Irish running backs show promise as team looks to replace Josh Adams
Charlotte Edmonds | Monday, April 23, 2018
What do you do when the inspiration for a whole branding of a Heisman campaign — complete with hats and a hashtag — leaves school early, declaring for the draft?
That is what the Irish have done this spring at the running back position. Although no one has shown the same consistent explosiveness as Josh Adams did last season, no one appeared to show that same ability to sneak through the line of scrimmage at last year’s Blue-Gold Game either, not even Adams himself. However, there certainly were several silver linings for Notre Dame’s offensive scheme at this year’s spring game — most notably, senior running back Dexter Williams.
“I think for Dexter, it was really more about can he pick up the nuances of our offense relative to pass protection? That was a big thing for us,” head coach Brian Kelly said after the game. “ … And then how long can you stay on the field? He seemed to be a guy that we couldn’t keep on the field very long. … [After] a really good spring, he wasn’t a guy that we had to pull out or wasn’t conditioned well enough.”
Appearing in 10 games last season, Williams will be asked to emerge out from the shadows of his former classmate, distinguishing himself as a primary ball carrier in his final season for the Irish. His team-high 117 yards set the tone for this year’s contest, as the offense scored 47 points Saturday. Perhaps this fast-paced offense was in part due to the modified layout of the game, where teams were no longer two-sided, and instead competed as an offensive and defensive units.
After a relatively unremarkable first half of short, mostly lateral runs — where the absence of Mike McGlinchy and Quenton Nelson was evident on the offensive line — Williams eventually found a hole to explode through. In the opening drive of the second half, he took the snap on 2nd-and-13 and bolted down the right hash of the field for 72 yards before being brought down out of bounds, six yards short of the goal line. This run set up a touchdown just moments later, but the real takeaway of the drive was that the Irish run game is still very much alive.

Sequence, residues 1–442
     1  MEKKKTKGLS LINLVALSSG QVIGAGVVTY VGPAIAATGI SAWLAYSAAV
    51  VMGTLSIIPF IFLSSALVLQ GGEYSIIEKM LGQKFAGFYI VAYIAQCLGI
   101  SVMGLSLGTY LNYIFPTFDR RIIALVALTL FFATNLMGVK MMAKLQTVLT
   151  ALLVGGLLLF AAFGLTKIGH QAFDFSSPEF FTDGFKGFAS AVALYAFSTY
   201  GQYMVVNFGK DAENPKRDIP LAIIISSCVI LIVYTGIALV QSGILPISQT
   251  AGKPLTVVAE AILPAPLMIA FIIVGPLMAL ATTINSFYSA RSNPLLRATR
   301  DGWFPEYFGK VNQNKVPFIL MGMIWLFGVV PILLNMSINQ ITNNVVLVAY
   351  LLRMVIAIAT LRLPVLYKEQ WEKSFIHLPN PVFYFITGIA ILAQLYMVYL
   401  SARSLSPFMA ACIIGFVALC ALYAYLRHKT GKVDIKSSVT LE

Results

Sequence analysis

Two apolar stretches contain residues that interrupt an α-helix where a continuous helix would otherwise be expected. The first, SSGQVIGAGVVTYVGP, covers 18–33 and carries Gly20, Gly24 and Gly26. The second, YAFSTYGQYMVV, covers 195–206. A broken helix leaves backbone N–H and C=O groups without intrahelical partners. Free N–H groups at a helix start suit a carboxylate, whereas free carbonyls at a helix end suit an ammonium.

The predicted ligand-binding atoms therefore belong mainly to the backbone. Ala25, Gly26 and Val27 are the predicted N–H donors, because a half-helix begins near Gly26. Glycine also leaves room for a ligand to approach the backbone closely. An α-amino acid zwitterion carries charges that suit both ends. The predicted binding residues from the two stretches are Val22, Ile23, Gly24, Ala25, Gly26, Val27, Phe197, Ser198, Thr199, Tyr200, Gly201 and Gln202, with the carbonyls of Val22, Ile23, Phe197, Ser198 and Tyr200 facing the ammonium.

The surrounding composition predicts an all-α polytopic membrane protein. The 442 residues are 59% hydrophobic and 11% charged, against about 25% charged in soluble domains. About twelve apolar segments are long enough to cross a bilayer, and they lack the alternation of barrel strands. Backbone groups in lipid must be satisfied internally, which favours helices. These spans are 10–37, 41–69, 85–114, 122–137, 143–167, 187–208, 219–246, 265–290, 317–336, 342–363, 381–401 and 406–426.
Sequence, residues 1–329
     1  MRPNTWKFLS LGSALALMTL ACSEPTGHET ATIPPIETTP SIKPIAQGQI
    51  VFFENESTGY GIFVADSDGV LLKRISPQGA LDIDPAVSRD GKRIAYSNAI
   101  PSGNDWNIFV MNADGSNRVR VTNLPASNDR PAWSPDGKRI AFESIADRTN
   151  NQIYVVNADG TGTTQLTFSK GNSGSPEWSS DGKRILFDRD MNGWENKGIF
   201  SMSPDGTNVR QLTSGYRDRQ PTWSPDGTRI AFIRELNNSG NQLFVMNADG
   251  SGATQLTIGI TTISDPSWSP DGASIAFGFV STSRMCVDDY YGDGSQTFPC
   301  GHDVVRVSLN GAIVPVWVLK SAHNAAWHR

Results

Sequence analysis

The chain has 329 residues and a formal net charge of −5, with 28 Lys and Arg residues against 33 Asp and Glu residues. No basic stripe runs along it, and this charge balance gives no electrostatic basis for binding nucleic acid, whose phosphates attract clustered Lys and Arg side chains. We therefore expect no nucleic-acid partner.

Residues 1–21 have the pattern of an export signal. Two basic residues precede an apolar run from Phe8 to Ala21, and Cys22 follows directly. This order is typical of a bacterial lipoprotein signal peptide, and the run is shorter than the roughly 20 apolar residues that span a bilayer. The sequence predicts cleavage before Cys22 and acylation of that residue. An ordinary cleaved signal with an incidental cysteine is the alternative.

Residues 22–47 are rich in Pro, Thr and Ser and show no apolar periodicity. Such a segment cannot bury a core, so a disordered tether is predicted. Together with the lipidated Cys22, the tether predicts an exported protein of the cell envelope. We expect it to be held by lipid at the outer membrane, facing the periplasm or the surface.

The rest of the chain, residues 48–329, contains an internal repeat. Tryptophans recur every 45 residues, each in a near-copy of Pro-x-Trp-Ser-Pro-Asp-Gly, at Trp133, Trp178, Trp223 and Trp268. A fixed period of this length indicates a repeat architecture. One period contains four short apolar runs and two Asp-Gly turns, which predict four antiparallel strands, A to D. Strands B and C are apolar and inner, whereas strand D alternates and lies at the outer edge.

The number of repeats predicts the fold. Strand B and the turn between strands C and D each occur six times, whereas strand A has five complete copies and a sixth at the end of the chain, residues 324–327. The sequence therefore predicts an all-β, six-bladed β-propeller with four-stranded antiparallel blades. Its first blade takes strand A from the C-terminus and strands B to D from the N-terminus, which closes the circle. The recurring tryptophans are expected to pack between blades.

Williams wasn’t alone in his performance, however. Freshman Jahmir Smith showed promise in the backfield, running for 29 yards on five carries and hauling in a 19-yard catch.
“He’s been like that all spring, very comfortable. … [He’s] just a joy to coach and has picked up things really quickly,” Kelly said of Smith.
Sophomore Avery Davis and junior Tony Jones Jr. also played big roles in the spring game, as they combined for 19 carries and averaged 2.7 and 2.5 yards per carry, respectively. Davis, recruited as a quarterback, is coming off a freshman season in which he did not see the field and has been taking snaps as a ball carrier this spring to give him more opportunities to make an impact.
“It’s definitely more physical. … You take more hits,” Davis said of playing running back. “It’s a dream to be able to make plays at Notre Dame.”
Davis also said the experience he’s gaining at running back has helped his confidence as a quarterback.
“I’m looking at the field … at the defense from a whole new perspective,” he said. “I have a much better understanding for my receivers.”
All four backs showed moments of distinction, but Williams appeared the most comfortable reading the defensive schemes. Despite this, Kelly avoided committing to a starter at the position, saying the team will “go with the guy that’s playing really well.”
Without Adams, McGlinchey and Nelson in 2018, the run game will likely be very different this upcoming season, with many different players providing different dimensions. But Saturday’s game gave the Irish reason to believe they have the pieces in place to still find success running the football.